West Nile Virus :: Kansas announces first West Nile Virus case of 2007, US

The Kansas Department of Health and Environment (KDHE) today announced the first reported case of West Nile Virus of 2007. The patient is an adult from North Central Kansas.

?Everyone should take action to protect themselves now that it is once again West Nile Virus season,? said Dr. Gail Hansen, KDHE State Epidemiologist.

?Most people who get West Nile never know that they have it because West Nile usually doesn?t cause symptoms. In some cases though, West Nile Virus can prove very severe or even fatal.?

West Nile Virus can be spread to people by mosquitoes that first bite an infected bird, but it is not contagious from person to person. Symptoms range from a slight headache and low-grade fever to swelling of the brain or brain tissue and in rare cases, death. People who have had West Nile Virus before are considered immune.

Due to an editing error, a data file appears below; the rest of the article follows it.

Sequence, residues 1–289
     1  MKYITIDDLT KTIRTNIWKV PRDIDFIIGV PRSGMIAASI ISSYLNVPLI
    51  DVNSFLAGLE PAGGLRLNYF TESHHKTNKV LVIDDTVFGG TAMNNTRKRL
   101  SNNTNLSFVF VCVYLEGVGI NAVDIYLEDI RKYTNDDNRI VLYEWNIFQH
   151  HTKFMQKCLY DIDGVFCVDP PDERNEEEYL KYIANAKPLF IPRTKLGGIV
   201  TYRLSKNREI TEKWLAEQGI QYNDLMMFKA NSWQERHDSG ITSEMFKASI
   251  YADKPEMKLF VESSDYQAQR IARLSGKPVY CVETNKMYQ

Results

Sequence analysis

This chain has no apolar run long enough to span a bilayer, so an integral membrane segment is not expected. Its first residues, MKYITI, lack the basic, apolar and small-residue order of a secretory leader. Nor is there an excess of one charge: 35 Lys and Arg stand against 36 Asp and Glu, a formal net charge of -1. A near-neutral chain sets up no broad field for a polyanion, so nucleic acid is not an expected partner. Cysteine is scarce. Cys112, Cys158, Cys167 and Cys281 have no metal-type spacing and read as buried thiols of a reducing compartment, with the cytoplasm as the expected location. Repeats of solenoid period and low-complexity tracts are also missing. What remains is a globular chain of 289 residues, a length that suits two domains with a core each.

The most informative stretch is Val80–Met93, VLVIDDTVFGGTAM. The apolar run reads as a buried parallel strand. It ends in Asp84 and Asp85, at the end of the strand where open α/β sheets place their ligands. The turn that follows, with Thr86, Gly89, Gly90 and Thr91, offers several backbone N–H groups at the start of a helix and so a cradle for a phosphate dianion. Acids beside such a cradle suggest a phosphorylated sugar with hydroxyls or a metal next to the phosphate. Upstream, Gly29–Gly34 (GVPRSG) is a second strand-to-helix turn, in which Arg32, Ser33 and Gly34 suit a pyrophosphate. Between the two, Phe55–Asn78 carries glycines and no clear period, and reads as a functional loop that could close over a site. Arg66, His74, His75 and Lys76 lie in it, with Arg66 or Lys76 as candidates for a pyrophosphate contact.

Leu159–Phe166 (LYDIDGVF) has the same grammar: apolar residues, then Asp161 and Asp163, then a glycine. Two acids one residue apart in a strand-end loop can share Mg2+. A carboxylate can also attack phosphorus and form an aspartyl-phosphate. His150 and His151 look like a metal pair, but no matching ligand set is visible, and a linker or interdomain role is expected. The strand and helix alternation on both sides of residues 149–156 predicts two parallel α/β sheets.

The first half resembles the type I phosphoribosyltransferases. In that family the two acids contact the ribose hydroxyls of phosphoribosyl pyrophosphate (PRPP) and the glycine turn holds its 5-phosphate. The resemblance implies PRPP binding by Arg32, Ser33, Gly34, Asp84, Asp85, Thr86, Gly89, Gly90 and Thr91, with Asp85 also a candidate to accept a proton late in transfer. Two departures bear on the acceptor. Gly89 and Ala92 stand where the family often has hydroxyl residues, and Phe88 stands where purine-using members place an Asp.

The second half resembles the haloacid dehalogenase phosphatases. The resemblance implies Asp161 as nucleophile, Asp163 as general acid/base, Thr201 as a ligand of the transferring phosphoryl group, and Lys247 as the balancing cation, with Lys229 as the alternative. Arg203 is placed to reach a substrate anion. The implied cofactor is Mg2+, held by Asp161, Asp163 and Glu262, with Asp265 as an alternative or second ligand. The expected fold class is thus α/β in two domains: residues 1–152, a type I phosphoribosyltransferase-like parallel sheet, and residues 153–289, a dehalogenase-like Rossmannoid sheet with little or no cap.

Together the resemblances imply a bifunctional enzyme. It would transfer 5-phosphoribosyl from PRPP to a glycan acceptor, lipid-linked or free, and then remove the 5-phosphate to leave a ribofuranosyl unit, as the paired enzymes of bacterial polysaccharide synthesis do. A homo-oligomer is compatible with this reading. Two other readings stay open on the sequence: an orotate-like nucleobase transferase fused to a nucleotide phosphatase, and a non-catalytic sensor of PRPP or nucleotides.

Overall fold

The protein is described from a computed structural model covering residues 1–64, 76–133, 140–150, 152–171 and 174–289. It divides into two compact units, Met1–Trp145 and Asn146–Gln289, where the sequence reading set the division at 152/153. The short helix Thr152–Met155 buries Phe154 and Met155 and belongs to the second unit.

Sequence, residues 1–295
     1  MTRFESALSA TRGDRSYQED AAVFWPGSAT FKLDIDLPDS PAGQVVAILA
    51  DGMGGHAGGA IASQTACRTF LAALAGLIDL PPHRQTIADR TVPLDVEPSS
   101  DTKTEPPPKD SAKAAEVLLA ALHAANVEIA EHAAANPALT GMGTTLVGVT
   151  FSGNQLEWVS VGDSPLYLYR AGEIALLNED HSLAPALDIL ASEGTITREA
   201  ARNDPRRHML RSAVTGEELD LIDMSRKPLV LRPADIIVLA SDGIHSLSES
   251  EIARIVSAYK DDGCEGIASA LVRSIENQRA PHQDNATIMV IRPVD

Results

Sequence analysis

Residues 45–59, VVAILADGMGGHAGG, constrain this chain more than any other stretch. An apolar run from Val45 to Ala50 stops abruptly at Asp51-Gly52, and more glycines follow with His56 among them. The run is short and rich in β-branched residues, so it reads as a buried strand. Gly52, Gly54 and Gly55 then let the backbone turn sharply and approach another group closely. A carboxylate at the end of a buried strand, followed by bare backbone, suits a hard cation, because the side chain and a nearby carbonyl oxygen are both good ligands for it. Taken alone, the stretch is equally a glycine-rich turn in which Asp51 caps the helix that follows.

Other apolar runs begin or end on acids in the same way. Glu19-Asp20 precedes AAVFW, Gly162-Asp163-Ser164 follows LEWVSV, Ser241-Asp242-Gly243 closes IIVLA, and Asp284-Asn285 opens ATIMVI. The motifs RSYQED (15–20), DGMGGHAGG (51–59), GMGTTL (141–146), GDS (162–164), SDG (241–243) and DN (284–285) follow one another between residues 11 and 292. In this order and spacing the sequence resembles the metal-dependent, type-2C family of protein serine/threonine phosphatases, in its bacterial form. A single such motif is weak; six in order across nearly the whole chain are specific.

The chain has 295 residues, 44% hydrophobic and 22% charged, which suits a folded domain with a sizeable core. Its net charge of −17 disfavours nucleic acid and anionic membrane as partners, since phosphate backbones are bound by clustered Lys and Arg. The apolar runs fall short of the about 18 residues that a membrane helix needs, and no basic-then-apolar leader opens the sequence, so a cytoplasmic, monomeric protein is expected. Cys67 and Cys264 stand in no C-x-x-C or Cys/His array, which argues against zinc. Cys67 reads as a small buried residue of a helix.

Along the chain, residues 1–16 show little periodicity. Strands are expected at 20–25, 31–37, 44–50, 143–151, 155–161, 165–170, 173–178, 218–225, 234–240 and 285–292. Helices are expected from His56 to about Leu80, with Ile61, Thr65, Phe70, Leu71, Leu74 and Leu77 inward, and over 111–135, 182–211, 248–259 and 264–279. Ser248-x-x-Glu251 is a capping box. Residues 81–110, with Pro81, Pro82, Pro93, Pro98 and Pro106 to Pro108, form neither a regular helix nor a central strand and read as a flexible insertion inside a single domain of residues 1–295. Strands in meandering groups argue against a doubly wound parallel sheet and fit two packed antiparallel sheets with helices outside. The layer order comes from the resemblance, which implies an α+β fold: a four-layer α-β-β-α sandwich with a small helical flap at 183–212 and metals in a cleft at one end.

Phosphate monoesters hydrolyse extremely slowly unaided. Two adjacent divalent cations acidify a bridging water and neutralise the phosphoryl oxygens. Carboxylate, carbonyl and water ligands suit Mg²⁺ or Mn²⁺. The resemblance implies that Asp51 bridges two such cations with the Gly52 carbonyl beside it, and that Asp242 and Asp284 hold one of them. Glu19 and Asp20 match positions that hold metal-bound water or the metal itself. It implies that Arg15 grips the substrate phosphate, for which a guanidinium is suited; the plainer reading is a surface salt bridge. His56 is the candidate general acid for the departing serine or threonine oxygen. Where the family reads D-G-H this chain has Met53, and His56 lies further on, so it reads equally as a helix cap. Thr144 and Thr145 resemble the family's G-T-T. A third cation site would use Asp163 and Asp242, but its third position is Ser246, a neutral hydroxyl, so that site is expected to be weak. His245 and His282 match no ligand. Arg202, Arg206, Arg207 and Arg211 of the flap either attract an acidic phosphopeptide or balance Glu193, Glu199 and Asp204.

KDHE recommends the following precautions to protect against West Nile Virus:

Use effective insect repellent with picaridin or DEET on skin
Wear protective clothing when practical (long sleeves and pants)
Remove standing water
Use larvicide in water that cannot be removed
Refresh water for bird baths, pet bowls, and wading pools at least every three days
Limit outdoor activities at dawn and dusk when mosquitoes are most active

Cases are most common in the late summer and early fall months. In 2006, KDHE confirmed 25 West Nile cases that resulted in three deaths.

Birds are no longer tested for West Nile Virus in Kansas and KDHE will not be collecting information about dead birds. If you find a dead bird, KDHE recommends that you wear gloves, place the bird in a plastic bag, and dispose of it in the garbage.

So far this year, 11 states (including Colorado and Nebraska) have reported at least one human case of West Nile Virus to the Centers for Disease Control and Prevention (CDC). Sixteen states (including Missouri and Oklahoma) have reported West Nile Virus activity in birds, animals or mosquitoes. KDHE asks physicians to report cases by calling (877) 427-7317.

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